## 4. Sensitivity Analysis

#### 4.1. Entry and Exit Acceleration

^{2}to 0.8 m/s

^{2}. Resulting trajectories for 90° and 180° turning cases are shown in Figure 5.

#### 4.2. Exit Location

_{f}= 2.00 m for 90° case and y

_{f}= −1.50 m for 180° case). Accelerations at initial and final locations were set as 0 m/s

^{2}. Based on such settings, simultaneous equations were solved for the same entry location but for a range of different exit locations. Resulting trajectories are shown in Figure 6.

_{f}and y

_{f}. Nevertheless, the results obtained here are logical. The smaller the minimum radius of the path is, the smaller the minimum speed at the intermediate location will be.

#### 4.3. Radius of the Walking Path

^{2}. Resulting paths, speed, and acceleration profiles for 90° turning are compared in Figure 7b–d, respectively.

^{2}and 0.56 m/s

^{2}.

## 5. Conclusions and Further Studies

## Author Contributions

## Funding

## Acknowledgments

## Conflicts of Interest

## References

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**Figure 2.**(

**a**) Smoothed paths with fourth order polynomials; (

**b**) Estimated instantaneous radii along the path.

**Figure 3.**Sensitivity of the power law relationship for different K on; (

**a**) x-y space; (

**b**) ln(x)-ln(y) space.

**Figure 4.**Comparison of model outputs with experiment data: (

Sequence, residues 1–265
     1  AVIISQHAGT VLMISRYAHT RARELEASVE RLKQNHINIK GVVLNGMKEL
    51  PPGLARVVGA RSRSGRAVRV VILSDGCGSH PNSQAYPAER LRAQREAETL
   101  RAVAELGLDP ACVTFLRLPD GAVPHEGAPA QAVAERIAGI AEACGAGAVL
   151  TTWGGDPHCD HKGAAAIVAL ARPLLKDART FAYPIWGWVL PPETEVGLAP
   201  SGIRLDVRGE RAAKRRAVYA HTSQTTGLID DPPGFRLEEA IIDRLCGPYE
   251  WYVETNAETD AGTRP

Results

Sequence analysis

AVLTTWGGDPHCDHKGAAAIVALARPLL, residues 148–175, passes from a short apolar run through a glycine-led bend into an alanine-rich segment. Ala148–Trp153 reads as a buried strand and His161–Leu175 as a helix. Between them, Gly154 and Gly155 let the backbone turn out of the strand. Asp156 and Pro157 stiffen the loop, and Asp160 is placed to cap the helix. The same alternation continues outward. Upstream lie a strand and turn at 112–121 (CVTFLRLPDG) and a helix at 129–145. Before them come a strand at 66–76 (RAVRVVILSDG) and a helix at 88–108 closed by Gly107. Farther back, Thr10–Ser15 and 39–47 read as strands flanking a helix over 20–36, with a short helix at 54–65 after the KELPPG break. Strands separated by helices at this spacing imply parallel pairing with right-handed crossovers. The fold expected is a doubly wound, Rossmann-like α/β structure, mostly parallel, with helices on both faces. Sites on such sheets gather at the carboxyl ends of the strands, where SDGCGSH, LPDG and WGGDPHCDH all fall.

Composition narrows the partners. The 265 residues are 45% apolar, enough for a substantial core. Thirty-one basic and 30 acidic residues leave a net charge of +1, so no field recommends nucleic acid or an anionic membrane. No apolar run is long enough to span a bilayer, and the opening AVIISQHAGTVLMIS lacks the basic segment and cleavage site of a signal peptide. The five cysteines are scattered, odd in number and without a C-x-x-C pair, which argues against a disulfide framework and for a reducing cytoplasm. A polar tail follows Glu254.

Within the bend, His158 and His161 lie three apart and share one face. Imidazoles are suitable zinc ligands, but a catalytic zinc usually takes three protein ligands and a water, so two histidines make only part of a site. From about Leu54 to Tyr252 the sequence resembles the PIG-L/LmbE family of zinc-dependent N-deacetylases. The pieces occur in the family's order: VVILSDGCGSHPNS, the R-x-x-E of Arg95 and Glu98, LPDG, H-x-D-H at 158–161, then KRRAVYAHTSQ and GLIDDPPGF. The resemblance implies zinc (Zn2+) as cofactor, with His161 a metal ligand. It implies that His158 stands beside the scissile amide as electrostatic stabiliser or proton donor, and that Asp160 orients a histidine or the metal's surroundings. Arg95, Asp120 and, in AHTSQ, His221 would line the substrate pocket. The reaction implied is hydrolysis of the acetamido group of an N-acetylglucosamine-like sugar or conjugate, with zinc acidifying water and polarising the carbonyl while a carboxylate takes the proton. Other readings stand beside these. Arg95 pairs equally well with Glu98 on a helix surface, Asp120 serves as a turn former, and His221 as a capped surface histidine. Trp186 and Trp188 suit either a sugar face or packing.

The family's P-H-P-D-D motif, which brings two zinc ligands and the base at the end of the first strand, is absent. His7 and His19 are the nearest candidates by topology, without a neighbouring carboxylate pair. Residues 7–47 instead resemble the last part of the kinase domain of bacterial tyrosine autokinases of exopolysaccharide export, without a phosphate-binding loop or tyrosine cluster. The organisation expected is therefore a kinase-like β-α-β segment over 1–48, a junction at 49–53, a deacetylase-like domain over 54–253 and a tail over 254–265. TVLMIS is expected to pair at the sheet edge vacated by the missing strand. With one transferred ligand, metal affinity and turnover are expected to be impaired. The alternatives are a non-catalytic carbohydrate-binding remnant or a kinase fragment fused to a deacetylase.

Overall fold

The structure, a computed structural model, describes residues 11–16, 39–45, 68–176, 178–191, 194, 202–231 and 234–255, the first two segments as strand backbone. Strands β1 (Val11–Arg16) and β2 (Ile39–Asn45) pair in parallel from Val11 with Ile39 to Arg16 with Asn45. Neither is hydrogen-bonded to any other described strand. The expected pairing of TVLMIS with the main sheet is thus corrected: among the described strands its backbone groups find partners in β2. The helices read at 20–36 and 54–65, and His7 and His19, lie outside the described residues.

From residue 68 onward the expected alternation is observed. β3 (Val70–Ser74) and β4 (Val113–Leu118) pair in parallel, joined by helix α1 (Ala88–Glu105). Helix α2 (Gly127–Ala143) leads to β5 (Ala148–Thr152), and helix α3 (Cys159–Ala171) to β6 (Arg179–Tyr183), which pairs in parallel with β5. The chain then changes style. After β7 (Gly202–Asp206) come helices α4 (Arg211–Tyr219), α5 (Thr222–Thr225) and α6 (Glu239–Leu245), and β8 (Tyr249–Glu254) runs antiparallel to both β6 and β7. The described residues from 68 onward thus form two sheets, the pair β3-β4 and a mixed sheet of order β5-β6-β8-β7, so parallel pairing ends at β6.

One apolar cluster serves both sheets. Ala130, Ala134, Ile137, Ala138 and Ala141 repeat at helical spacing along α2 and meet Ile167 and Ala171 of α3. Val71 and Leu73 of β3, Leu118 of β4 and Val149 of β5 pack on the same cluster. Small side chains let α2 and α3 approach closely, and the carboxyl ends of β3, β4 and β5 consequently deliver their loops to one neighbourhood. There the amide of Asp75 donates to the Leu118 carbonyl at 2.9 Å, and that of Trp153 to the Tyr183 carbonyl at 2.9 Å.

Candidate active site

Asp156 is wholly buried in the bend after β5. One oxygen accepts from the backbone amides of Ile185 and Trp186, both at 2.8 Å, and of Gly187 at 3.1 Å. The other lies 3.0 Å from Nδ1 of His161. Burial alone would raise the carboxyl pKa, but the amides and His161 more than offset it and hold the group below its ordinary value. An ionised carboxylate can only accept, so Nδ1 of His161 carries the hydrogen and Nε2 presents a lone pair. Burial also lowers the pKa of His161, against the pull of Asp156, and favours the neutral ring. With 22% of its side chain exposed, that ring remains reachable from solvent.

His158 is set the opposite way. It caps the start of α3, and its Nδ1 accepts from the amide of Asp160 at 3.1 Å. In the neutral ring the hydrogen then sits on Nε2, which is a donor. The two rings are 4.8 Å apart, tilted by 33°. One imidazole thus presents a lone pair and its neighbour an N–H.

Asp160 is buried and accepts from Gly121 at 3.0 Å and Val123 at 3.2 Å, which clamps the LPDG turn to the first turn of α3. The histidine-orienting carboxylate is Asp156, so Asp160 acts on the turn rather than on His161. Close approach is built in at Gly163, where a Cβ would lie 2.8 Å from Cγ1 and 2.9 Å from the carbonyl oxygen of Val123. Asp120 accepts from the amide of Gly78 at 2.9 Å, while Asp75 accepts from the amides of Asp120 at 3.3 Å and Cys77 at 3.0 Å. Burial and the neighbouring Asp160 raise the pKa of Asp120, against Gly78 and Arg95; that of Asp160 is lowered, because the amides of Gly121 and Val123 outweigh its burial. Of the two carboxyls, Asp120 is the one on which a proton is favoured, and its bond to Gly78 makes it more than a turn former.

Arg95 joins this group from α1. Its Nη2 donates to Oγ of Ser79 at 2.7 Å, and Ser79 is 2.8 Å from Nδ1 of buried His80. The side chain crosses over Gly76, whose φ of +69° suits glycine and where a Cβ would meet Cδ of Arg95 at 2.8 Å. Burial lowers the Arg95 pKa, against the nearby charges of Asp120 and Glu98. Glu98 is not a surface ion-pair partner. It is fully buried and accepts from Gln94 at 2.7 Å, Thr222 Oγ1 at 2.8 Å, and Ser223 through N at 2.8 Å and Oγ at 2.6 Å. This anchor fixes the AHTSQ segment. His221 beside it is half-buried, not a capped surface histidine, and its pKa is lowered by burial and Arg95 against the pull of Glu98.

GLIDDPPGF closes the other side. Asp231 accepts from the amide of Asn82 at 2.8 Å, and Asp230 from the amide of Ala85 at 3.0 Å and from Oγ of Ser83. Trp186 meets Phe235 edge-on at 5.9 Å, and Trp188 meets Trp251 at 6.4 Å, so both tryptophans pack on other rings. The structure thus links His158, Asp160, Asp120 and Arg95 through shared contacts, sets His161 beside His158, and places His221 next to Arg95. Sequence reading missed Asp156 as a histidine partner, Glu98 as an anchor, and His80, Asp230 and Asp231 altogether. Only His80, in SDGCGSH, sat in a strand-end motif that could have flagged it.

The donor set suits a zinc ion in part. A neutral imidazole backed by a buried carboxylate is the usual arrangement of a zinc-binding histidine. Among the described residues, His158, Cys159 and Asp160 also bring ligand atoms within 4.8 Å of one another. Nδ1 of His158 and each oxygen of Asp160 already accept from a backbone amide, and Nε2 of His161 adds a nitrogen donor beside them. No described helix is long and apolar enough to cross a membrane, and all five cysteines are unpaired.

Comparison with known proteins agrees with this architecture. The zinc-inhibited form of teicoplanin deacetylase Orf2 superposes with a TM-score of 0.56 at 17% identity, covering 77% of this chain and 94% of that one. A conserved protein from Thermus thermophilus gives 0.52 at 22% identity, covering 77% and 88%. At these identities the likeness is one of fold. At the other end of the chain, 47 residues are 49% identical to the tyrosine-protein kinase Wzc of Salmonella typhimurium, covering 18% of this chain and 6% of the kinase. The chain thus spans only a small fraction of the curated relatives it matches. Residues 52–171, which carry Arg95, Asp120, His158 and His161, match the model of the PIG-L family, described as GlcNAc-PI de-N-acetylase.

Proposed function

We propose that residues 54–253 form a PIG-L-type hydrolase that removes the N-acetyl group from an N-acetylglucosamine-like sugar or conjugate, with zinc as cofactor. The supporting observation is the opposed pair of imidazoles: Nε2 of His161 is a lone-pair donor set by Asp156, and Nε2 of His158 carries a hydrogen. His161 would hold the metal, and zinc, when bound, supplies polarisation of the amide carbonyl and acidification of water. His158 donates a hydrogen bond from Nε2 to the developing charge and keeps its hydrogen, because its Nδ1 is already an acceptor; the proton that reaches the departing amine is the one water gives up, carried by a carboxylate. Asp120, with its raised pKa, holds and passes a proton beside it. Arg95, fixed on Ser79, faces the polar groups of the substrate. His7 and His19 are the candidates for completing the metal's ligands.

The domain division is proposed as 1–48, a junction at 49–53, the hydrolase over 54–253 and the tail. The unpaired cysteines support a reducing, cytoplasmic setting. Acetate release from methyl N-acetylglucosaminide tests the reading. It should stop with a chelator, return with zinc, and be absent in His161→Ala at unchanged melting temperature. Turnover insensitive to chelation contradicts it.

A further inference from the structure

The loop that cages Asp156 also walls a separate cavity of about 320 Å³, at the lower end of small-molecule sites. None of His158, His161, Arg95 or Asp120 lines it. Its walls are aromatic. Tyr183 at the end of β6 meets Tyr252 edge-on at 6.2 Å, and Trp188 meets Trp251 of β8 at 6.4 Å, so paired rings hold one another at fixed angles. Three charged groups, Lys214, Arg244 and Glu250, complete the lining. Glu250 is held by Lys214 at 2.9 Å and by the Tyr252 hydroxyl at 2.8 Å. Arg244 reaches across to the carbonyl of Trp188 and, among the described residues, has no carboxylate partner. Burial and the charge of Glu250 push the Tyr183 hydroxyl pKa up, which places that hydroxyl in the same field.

**a**) paths for 90° turning; (

**b**) speed profiles for 90° turning; (

**c**) paths for 135° turning; (

**d**) speed profiles for 135° turning; (

**e**) paths for 180° turning; (

**f**) speed profiles for 180° turning.

**Figure 5.**Sensitivity of the model to the entry and the exit accelerations: (

**a**) paths for 90° turning; (

**b**) paths for 180° turning; (

**c**) speed profiles for 90° turning; (

**d**) speed profiles for 180° turning; (

**e**) acceleration profiles for 90° turning; (

**f**) acceleration profiles for 180° turning.

**Figure 6.**Sensitivity of the model to the exit location: (

**a**) paths for 90° turning; (

**b**) paths for 180° turning; (

**c**) speed profiles for 90° turning; (

**d**) speed profiles for 180° turning; (

**e**) acceleration profiles for 90° turning; (

**f**) acceleration profiles for 180° turning.

**Figure 7.**(

**a**)-Estimated instantaneous radii along paths; (

**b**) comparison of paths; (

**c**) comparison of speed profiles; (

**d**) comparison of acceleration profiles.

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**MDPI and ACS Style**

Dias, C.; Abdullah, M.; Sarvi, M.; Lovreglio, R.; Alhajyaseen, W. Modeling and Simulation of Pedestrian Movement Planning Around Corners. *Sustainability* **2019**, *11*, 5501.
https://doi.org/10.3390/su11195501

**AMA Style**

Dias C, Abdullah M, Sarvi M, Lovreglio R, Alhajyaseen W. Modeling and Simulation of Pedestrian Movement Planning Around Corners. *Sustainability*. 2019; 11(19):5501.
https://doi.org/10.3390/su11195501

**Chicago/Turabian Style**

Dias, Charitha, Muhammad Abdullah, Majid Sarvi, Ruggiero Lovreglio, and Wael Alhajyaseen. 2019. "Modeling and Simulation of Pedestrian Movement Planning Around Corners" *Sustainability* 11, no. 19: 5501.
https://doi.org/10.3390/su11195501